Hamill’s Beat - Is the second city a second class city?

It’s no go the merry-go-round, it’s no go the rickshaw,

All we want is a limousine and a ticket for the peepshow.

Don’t ask me what the above lines mean, exactly. They’re from “Bagpipe music” by celebrated Ulster poet Louis MacNeice. They make as much or as little sense as the music did to MacNeice (and to me).

They come to mind when thinking about what’s happening and what’s not happening here in Derry. Important things aren’t happening but we do have ‘consolation prizes’. Perhaps they’re, “all we want”.

We’re at the end of the line. Our last surviving railway line, that is. We’re the last place on the line and last place in the line for track improvements. It has been re-laid as far as Coleraine but, as in most things, we’re expected to wait a while longer. Our other major railway, the old GNR, was closed in 1965 and we’ve been waiting ever since then for the promised alternative of a dual-carriageway road. So, the Belfast route is just 46 years late already and the more recently promised Dublin route may not go ahead either. A cap remains on student numbers at Magee. (Back in 1965 Magee was also threatened with closure but, unlike the railway, it survived. That was another source of massive discontent.) A disproportionate number of jobs have been supported in Belfast compared to here. The hub for the trans-Atlantic cable, Project Kelvin, was almost stolen from us. Attempts were even made to stop us having a cancer treatment centre. We can’t even get tourist board funding for our flagship soccer competition, the Foyle Cup.

Are we in the second city and the second class city?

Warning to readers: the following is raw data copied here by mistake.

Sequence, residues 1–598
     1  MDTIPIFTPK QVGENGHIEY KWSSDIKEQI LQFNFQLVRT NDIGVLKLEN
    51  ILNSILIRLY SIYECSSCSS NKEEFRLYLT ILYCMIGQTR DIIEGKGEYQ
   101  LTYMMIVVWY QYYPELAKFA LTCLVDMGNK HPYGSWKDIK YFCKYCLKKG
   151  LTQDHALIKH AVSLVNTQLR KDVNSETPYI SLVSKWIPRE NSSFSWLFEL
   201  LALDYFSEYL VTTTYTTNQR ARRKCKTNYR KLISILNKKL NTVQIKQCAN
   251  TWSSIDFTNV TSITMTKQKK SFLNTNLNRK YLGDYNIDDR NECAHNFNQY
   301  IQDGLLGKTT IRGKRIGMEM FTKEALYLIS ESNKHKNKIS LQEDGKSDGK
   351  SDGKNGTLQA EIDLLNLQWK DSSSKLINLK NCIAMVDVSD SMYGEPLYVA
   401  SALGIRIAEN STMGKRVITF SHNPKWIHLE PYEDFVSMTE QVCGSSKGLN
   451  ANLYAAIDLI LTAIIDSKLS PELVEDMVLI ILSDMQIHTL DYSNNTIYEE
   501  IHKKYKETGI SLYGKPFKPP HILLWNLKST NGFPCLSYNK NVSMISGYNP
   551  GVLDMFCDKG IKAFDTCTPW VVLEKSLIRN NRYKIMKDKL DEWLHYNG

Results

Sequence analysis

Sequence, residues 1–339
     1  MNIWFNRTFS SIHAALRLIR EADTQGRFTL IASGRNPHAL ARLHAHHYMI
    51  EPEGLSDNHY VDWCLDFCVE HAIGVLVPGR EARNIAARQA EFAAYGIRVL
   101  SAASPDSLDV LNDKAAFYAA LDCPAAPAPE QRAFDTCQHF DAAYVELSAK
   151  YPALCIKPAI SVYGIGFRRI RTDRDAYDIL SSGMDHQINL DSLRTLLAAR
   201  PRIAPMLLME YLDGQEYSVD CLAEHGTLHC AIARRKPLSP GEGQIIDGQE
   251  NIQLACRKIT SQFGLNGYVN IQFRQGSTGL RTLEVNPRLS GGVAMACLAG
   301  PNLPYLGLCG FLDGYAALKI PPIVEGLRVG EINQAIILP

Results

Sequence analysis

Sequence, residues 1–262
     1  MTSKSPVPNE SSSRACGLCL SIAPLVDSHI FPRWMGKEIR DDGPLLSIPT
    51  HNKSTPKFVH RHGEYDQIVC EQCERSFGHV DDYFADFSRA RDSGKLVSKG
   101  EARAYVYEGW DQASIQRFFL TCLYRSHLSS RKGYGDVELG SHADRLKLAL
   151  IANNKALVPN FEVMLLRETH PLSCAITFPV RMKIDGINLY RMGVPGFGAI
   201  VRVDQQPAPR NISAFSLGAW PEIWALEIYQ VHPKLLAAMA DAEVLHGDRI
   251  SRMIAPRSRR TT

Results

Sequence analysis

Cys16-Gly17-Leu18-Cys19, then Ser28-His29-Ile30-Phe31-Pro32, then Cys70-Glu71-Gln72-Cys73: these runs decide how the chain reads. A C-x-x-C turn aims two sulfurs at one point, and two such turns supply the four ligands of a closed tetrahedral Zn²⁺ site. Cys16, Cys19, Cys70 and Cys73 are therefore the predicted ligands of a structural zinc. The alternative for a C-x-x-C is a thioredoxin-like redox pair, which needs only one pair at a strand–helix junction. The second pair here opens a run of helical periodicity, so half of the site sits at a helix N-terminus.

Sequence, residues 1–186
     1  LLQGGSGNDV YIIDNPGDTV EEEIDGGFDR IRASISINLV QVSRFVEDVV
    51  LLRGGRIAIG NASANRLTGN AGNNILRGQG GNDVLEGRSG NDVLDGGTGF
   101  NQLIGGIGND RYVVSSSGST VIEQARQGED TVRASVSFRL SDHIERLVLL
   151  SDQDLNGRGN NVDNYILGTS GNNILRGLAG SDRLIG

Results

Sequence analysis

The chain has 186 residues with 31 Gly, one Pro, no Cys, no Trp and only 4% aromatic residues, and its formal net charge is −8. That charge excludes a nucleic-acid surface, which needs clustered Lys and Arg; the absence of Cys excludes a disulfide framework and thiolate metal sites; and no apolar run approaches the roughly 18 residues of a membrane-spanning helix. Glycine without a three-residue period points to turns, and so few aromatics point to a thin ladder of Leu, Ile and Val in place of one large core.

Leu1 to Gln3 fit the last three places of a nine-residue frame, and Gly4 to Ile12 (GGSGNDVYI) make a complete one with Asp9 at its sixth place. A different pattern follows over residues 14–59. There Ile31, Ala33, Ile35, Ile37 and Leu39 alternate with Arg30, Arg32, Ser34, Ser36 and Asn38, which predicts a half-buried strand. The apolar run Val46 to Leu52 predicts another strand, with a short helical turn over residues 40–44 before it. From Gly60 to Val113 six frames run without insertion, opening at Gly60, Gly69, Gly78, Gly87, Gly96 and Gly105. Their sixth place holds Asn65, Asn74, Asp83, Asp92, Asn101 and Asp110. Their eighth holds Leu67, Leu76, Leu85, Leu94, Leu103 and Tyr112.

Still, we have our new Peace Bridge. I’m not knocking it. It’s a thing of beauty and will greatly help us to re-focus on our long-neglected waterfront. It links the cityside with the old parade ground at Ebrington. It has superb views back across the river to the west bank.

St Columb’s Cathedral and First Derry Presbyterian Church have been done-up. Then there’s the jewel in our crown, the City of Culture title. We would be crazy not to milk that for all its worth, no matter what anyone wants to call it. These are significant ‘consolation prizes’.

We have a lot going for us. We have the natural beauty of our situation; we have Derry’s unrivalled wealth of history and our talented, warm and friendly people. We have hugely committed and high quality political representatives.

The west does, however, remain under-represented on the Stormont Executive. We can’t afford to keep on losing out for ever to the land flowing with milk and honey east of the Bann. OK, so that’s overstating it a bit but we can’t allow that trend to continue. We need investment too. Are we too easily satisfied?

To paraphrase MacNeice:

It’s no go the roads, it’s slow go the railway,

All we want is a bridge and a controversial year of culture.

Read more from Norman Hamill in the Journal every Tuesday